Previous studies have investigated family structure and serotonergic genes as separate risk factors for depression. An Italian research team has now reported findings on the interplay between these risk factors. To investigate this interplay, Nobile et al. (2009) tested the effects of two-parent vs. one-parent family structure and two serotonergic polymorphisms (TPH2 G-703T and 5-HTTLPR) on CBCL DSM-oriented Affective Problems scale scores in Italian 10- to 14-year-olds. One sample (N = 441) was from the Italian Project on Pre-adolescent Mental Health (PrISMA). The second sample (N = 166) was from a longitudinal study of emotional and behavioral problems. For both samples, parents completed the CBCL and a sociodemographic form that included information about marital status. Genomic DNA was extracted from mouthwash samples. Nobile et al. found that one-parent family structure, the “G” variant of the TPH2 G-703T gene, and the “short” allele of the 5-HTTLPR gene were each associated with significantly elevated scores on the Affective Problems scale.
Consistent with genetic theory, each genetic effect was small, whereas the family structure effect was larger than either of the genetic effects. In testing interactions between effects of genes and family structure, Nobile et al. found that children obtained significantly higher Affective Problem scores if they had the G variant of the TPH2 gene or if they had the 5-HTTLPR short allele only if they lived in one-parent rather than two-parent families. These findings were confirmed even after taking account of SES, Internalizing scores, and an alternative definition of the 5-HTTLPR gene. The authors pointed out that one-parent families may not represent exclusively environmental risk factors, as they could be associated with genetic risk factors The authors also pointed out that the findings could differ in populations having different proportions of one-parent families, which would argue for replicating the research in additional populations.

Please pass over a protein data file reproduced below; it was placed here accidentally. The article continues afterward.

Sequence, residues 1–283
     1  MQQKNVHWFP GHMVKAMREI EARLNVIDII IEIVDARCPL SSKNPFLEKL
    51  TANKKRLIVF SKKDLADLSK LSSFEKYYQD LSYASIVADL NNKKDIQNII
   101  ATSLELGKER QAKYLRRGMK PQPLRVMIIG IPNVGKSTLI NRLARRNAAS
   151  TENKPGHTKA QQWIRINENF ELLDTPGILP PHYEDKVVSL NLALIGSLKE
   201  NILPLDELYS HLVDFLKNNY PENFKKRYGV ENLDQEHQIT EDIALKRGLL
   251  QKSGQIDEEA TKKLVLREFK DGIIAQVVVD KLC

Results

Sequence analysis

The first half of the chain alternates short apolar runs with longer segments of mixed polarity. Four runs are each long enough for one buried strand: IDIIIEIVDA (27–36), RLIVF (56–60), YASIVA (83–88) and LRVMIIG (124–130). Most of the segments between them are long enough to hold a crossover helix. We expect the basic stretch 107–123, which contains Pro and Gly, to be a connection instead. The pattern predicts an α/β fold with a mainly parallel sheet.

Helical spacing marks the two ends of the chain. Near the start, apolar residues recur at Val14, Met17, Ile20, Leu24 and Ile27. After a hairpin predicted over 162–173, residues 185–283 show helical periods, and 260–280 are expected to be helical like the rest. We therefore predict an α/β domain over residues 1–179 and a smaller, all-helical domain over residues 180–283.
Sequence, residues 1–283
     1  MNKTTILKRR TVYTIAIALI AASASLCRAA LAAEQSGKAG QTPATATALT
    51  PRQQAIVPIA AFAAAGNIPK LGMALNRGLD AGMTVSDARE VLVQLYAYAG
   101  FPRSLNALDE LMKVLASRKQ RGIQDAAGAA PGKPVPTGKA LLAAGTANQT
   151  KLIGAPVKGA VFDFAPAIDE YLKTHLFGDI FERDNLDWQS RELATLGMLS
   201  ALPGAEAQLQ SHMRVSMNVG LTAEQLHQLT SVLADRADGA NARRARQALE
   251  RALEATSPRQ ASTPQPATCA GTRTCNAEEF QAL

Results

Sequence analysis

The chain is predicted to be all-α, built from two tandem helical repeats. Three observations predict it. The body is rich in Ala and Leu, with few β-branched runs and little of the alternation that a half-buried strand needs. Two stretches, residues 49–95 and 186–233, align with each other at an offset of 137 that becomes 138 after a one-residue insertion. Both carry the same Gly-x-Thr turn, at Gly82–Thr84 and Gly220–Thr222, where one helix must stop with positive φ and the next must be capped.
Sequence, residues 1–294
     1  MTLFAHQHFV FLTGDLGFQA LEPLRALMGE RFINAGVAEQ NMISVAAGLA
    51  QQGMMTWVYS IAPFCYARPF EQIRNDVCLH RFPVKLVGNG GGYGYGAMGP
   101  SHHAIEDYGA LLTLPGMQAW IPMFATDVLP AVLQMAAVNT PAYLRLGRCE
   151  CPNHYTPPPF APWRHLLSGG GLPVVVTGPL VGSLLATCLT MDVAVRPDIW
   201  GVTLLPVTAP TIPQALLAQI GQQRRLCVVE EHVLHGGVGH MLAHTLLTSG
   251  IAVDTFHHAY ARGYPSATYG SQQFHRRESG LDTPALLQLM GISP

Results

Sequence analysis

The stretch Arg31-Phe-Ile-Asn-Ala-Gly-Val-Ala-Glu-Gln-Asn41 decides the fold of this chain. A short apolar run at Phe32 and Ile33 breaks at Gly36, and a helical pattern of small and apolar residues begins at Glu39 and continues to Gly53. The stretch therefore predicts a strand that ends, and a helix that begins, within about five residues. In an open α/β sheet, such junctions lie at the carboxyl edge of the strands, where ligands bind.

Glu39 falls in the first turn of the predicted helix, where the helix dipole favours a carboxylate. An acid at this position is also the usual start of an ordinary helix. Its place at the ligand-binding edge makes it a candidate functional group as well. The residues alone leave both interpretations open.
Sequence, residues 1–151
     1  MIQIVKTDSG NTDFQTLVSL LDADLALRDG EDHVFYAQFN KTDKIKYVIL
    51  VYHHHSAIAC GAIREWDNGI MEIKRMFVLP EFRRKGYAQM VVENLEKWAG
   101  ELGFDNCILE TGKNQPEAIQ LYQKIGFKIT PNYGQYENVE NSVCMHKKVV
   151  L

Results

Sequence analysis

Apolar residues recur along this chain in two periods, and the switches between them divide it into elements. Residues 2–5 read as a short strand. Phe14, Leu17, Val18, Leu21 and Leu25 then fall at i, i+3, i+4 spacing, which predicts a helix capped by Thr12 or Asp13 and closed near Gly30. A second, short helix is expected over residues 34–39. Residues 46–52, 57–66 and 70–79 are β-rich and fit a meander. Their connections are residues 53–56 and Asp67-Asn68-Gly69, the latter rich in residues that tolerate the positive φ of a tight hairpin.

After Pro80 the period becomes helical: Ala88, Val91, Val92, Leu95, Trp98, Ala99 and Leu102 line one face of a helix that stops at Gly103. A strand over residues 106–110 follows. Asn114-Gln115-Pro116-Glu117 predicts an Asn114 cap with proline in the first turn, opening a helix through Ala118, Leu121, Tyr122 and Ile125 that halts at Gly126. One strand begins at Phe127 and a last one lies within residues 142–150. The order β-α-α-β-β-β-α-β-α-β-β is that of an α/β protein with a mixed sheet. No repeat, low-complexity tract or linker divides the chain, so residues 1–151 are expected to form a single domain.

Nevertheless, the findings certainly suggest important interactions between effects of genes and of family structure on the problems measured by the CBCL DSM-oriented Affective Problems scale.
Reference: Nobile, M., Rusconi, M., Bellina, M., Marino, C., Giorda, R., Carlet, O., Vanzin, L., Molteni, M., & Battaglia, M. (2009). The influence of family structure, the TPH2 G-703T and the 5-HTTLPR serotonergic genes upon affective problems in children aged 10-14 years. Journal of Child Psychology and Psychiatry, 50, 317-325.